Turning 30 isn't everyone's favorite, but when it comes to Kevin Eastman and Peter Laird's Teenage Mutant Ninja Turtles, it's nothing but a cause for celebration. To commemorate this mutant milestone, in May IDW will release its Teenage Mutant Ninja Turtles 30th Anniversary Special, an anthology bursting with all-new content from a selection of the comic series' most influential creative teams. If that's not enough, the anthology will come wrapped in the first official TMNT collaboration between Eastman and Laird in years. To get the full scoop, ComicsAlliance got in touch with Eastman and TMNT editor Bobby Curnow. Click through to read the full interview and see the brand new Eastman and Laird art, along with a piece by Eastman, Simon Bisley and Ryan Brown.
Kevin Eastman - Page 2
While Teenage Mutant Ninja Turtles is in the midst of a creative renaissance at IDW, with the current series making our own Best Comics of 2013 list, the publisher continues to release reprints and collections of stories that had been unavailable for years. Recently, IDW released a new hardcover edition of Teenage Mutant Ninja Turtles: 25th Anniversary Collection, which was originally published in 2009 (the actual 25th anniversary) through co-creator Kevin Eastman’s Heavy Metal publishing house, re-mastering the artwork and providing some stories with color for the first time.
Unlike ComicsAlliance editor Caleb Goellner -- who seems to bleed green -- I’ve only read a few issues of the new series. I really, genuinely liked it, but felt like my memories of the original comics, if not the comics themselves, were better. For that same reason, I haven’t bought a single issue of IDW’s Classics reprints; just saw enough of the first collection to know that I didn't like the cold digital coloring. Really, I didn’t want to see TMNT with new eyes; I wanted it to remain great in my recollection, rather than diminished by the reality. I didn’t want to find out that literally the most important comic in my life was reduced to trash because of the passage of time and changes in perception.
Curiosity got the better of me.
We make a regular practice at ComicsAlliance of spotlighting particular artists or specific bodies of work, but because cartoonists, illustrators and their fans share countless numbers of great images on sites like Flickr, Tumblr, DeviantArt and seemingly infinite art blogs that we’ve created Best Art Ever (This Week), a weekly depository for just some of the pieces of especially compelling artwork that we come across in our regular travels across the Web. Some of it’s new, some of it’s old, some of it’s created by working professionals, some of it’s created by future stars, some of it’s created by talented fans, and some of it’s endearingly silly. All of it’s awesome.
Two heroes are down as Shredder advances his plot to take New York City in next week's Teenage Mutant Ninja Turtles #23. Writers Tom Waltz and Kevin Eastman's "City Fall" storyline kicked off last month, giving fans a taste of what kind of shocking transformation may be in store for one of the Green machines, and this month artist Mateus Santolouco (along with alternate cover artists Dan Duncan, Andy Kuhn, Ben Bates, Ross Campbell and Dave Wachter) turns up the tension as a team short on allies prepares to confront multiple foes.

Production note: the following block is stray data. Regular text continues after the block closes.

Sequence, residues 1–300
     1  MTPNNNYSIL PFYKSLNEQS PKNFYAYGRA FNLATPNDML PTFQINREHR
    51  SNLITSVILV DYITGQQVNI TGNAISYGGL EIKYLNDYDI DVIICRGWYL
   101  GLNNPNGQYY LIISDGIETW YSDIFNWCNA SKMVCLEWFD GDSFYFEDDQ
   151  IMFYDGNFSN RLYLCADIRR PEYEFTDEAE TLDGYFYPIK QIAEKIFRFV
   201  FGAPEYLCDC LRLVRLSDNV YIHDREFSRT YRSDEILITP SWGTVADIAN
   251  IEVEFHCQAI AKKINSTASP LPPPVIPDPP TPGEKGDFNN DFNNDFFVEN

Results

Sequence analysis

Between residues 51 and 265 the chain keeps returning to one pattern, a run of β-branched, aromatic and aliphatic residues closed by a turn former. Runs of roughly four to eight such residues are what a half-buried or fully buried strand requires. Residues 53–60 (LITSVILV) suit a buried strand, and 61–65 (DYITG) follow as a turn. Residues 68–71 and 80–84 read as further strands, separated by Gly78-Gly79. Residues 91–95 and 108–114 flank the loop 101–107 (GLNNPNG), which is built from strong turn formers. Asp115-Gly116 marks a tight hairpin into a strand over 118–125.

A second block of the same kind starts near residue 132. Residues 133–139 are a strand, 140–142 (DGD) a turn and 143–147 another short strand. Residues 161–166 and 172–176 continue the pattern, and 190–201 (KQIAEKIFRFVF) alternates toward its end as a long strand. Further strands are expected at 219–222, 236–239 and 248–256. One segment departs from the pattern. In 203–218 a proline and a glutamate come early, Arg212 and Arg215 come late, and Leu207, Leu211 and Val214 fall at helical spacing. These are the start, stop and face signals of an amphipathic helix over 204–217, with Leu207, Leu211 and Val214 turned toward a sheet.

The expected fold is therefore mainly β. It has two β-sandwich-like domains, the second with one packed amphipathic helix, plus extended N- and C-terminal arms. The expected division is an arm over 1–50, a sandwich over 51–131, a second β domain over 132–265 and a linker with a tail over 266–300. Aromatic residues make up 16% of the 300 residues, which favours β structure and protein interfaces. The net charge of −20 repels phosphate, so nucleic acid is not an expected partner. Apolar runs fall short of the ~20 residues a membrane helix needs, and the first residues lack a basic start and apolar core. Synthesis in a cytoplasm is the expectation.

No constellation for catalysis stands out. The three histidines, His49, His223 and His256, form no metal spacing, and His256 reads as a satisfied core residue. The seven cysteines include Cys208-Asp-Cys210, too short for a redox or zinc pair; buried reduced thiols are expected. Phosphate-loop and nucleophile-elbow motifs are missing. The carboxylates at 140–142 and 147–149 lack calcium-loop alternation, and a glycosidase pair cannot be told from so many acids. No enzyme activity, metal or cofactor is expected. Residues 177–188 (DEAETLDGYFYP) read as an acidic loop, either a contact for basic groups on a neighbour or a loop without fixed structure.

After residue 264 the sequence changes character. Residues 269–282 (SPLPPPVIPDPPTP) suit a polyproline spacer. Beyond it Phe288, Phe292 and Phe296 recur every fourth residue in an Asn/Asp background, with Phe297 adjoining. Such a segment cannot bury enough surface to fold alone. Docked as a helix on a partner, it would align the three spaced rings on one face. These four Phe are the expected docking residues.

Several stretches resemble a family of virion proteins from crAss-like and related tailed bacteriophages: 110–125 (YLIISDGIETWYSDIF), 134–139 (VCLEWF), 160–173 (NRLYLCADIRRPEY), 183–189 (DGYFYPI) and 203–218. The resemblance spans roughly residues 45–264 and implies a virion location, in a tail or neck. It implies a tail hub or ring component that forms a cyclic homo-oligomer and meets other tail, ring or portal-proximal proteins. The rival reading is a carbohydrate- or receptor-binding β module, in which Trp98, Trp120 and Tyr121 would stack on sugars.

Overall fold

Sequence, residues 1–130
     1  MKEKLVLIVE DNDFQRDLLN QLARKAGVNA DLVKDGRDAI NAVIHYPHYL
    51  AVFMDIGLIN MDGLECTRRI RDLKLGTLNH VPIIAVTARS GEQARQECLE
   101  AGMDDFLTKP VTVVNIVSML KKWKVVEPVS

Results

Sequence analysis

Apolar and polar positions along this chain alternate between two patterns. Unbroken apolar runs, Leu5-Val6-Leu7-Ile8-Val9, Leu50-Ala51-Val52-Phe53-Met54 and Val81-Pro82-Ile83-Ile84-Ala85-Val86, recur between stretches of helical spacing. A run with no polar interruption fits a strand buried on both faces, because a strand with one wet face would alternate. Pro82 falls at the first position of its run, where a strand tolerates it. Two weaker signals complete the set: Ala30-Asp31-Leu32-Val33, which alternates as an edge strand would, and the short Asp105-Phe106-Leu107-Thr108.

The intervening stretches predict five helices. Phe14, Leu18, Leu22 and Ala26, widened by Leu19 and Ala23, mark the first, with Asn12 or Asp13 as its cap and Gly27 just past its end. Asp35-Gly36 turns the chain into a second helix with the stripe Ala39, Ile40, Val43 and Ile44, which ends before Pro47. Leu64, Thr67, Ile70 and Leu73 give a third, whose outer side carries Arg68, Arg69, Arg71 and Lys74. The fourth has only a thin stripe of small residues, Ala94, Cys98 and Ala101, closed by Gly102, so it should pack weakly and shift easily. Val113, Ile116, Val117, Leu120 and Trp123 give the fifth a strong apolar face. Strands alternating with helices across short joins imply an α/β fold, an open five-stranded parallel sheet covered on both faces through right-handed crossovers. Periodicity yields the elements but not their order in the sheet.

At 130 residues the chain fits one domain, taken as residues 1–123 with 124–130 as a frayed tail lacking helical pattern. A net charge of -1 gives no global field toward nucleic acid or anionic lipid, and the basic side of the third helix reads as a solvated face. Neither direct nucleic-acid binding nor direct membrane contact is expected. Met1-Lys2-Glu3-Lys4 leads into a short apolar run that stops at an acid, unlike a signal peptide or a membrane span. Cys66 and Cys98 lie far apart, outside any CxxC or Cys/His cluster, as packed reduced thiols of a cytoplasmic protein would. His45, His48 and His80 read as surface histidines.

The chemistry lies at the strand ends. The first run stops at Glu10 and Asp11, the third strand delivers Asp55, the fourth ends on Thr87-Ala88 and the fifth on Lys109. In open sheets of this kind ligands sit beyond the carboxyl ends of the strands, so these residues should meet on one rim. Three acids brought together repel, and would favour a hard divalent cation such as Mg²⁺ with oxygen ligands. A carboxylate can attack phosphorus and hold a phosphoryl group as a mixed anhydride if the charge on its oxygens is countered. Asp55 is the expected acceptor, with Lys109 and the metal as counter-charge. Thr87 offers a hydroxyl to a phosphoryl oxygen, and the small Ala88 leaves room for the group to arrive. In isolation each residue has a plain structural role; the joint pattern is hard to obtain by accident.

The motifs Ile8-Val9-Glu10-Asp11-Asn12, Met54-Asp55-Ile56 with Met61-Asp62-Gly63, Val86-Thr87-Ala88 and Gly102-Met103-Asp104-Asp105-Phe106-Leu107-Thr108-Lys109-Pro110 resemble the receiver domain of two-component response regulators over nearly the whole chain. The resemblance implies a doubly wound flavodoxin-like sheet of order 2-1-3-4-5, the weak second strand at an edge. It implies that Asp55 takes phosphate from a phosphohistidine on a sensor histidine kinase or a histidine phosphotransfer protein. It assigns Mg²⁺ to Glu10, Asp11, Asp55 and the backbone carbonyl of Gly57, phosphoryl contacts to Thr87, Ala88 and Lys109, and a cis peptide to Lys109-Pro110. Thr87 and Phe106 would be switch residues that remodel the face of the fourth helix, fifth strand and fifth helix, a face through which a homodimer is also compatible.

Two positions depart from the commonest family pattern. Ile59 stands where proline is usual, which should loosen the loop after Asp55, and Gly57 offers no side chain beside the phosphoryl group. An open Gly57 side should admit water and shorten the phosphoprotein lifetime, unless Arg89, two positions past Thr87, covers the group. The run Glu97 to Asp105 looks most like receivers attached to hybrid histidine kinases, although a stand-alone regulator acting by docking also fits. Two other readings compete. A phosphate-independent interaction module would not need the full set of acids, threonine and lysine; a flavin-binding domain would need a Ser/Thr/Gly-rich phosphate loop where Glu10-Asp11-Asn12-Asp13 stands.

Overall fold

Created just for the new continuity of IDW's current ongoing Teenage Mutant Ninja Turtles comic book series, new villain Old Hob was one of the first (furry) faces fans were introduced to when the book's first issue arrived in 2011. Beginning life as a mutant by attempting to straight up eat an ooze-covered Raphael before having his eye gouged out by a still-normal-rat Splinter, the new villain's predatory instincts have since culminated in one of Casey Jones and Raph's worst beatings in the series thus far. This week in Teenage Mutant Ninja Turtles Villain Microseries #3: Old Hob by writer Jason Ciaramella, artist Dave Wachter and colorist Tyler Walpole, however, fans will have a chance to see another side of Hob and learn what set the kitty down a life of brutality.
Teenage Mutant Ninja Turtles co-creator Kevin Eastman has been collaborating with co-writer Tom Waltz and a number of artists over the course of IDW's new ongoing comic series, but he'll be taking full command of he and Peter Laird's Green Machines this Wednesday with a solo story all his own. In Teenage Mutant Ninja Turtles #21 the ninja brothers are confronted by a new foe who happens to hand them
It's way past December, but 'tis always the season to watch Leonardo grapple with Footclan ninjas across hyperkinetic panel layouts - and that's precisely what fans can look forward to this Wednesday with IDW's freshly colored re-release of Teenage Mutant Ninja Turtles Color Classics Micro-Series: Leonardo by original TMNT creators Kevin Eastman and Peter Laird. Whether you're a fan seeking a
Digital: Anthony Clark has released a pay-what-you-wa
There are places that are nice to visit, but you wouldn't want to live there. There are also places that are... terrible to visit, terrible to live and completely miserable to be stranded in. For Leonardo, Raphael, Donatello, Michelangelo, their newfound Neutrino allies and the Fugitoid, Dimension X is totally that kind of place in Teenage Mutant Ninja Turtles #18 - especially as General Krang and his army of craggy goons fire a seemingly ceaseless burst of red lasers at them, Cobra style. IDW has provided us with
If the fourth live-action Teenage Mutant Ninja Turtles movie -- which would have potentially been subtitled either "The Next Mutation" or, apparently, "The Foot Walks Again" -- had gone ahead, the world could have met Evil April, Super Shredder and a fifth Turtle named after Jack Kirby. Now, we get to see what those characters might have looked like, as Kevin Eastman's concept art for the project has shown up at auction